Frost moved to Stapleton, near Bristol, where he lived for many years in comparative retirement, pursuing an interest in spiritualism. He died there on 29th July 1877. The march on Newport in November 1839 for which Frost is remembered has been variously interpreted as a peaceful demonstration or as part of a national conspiracy to overthrow the government. There is strong evidence of a high degree of planning, confounded by a series of last-minute changes of plan and an ultimate divergence between intentions and execution. The Newport rising was indeed part of a wider plan of insurrection and was in fact the last on the British mainland.

      (5) Australian Dictionary of Biography, Online Edition <http://adbonline.anu.edu.au/biogs/A010385b.htm>:

      FROST, JOHN (1784-1877), Chartist, was born on 25 May 1784 at Newport, Monmouthshire, Wales, the son of John and Sarah Frost, of the Royal Oak Inn. He was educated probably at Bristol, and acquired an excellent command of English. After assisting a woollen draper in Bristol and a merchant tailor in London, he returned to Newport about 1806 to take over a draper's and tailor's shop. In October 1812 he married Mary Geach, a widow, by whom he had two sons and five daughters. He became a radical and from 1816 advocated reduced taxation and a programme of parliamentary reform that anticipated the Six Points of the People's Charter. As champion of the burgesses of Newport, he came into conflict with Thomas Prothero, the influential town clerk, and spent six months in the Cold Bath Fields' prison in London for libel. With the Municipal Corporation Act of 1835, he became a member of Newport's first town council and a justice of the peace, and mayor of the town a year later. He attended the first Chartist convention in London in February 1839 and was chairman of the session which, on 14 September in Birmingham, decided to dissolve the convention after the first national petition had been rejected and most of the leaders had been arrested for sedition. Frost decided to appeal to physical force and led a body of working men, chiefly miners, trained in the Monmouthshire hills, in an armed attack on Newport on the night of 4 November. The ill-armed band were easily repulsed, and Frost and his partners, Zephaniah Williams of Blaina, and William Jones, a watchmaker of Pontypool, were arrested, tried by a special commission at Monmouth, found guilty of levying war against the Queen, and sentenced to be hung, drawn and quartered. On 11 February 1840 the sentence was commuted to transportation for life.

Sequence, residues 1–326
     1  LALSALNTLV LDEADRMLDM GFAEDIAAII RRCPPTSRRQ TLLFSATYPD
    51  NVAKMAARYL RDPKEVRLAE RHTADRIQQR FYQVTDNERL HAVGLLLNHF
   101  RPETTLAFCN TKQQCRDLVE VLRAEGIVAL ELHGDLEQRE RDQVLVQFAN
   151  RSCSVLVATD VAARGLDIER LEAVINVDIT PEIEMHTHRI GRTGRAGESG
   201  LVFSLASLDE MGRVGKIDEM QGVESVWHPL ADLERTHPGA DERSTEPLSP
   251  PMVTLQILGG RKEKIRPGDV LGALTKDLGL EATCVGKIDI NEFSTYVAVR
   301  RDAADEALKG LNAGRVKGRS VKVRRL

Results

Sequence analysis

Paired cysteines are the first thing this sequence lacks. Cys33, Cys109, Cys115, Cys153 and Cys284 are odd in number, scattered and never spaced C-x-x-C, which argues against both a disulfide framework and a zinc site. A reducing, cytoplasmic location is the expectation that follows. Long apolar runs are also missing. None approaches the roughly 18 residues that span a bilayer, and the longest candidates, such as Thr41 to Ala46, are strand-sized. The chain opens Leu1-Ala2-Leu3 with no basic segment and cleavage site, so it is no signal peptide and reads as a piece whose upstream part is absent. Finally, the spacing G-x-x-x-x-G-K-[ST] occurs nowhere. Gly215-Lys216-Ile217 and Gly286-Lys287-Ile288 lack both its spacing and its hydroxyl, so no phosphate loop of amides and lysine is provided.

Several efforts were made in the House of Commons to procure their release, but Frost, Williams and Jones sailed together in the Mandarin and reached Hobart Town on 30 June 1840. In accordance with practice the three Chartists were given the privileges of political prisoners: they were allowed to keep their own clothes and, instead of being put on road work, were sent direct to Tasman Peninsula, where Frost became a clerk in the commandant's office at Port Arthur, Williams a superintendent in the coal-mines, and Jones an overseer blacksmith in the boys' penitentiary at Point Puer. Frost's employment as a clerk ended in 1841 and he was transferred to Brown's River, possibly for displeasing Lord John Russell by an indiscreet letter to England, but of this there is no official record. While at Brown's River, he was sentenced to three days solitary confinement for insolence to the superintendent; although recommended to be removed to Port Arthur and "employed at labour in the same manner as other convicts," he was sent instead to Impression Bay on Tasman Peninsula, where he became a schoolmaster and was commended for being "studious, quiet and obedient." On 17 November 1843 his probation term ended and he was sent to New Town to work for W. Carter and later for Rev. W. Jarrett. In May 1846 he was sent to work for W. Chester at Bothwell and received his ticket-of-leave next November. On 27 June 1854 after teaching in various places in Tasmania, he received a conditional pardon and six months later sailed for America with his daughter Catherine, who had recently joined him in exile. At New York in May 1856 he received news of his free pardon. He arrived in England on 12 July and on 31 August gave lectures at Padiham on his experiences. These were printed as Horrors of Convict Life (London, 1856) and A Letter to the People of Great Britain and Ireland on Transportation (London, 1857). He went to live with his family at Stapleton, near Bristol, and as old age crept on abandoned politics for spiritualism. He died at Stapleton at 27 July 1877.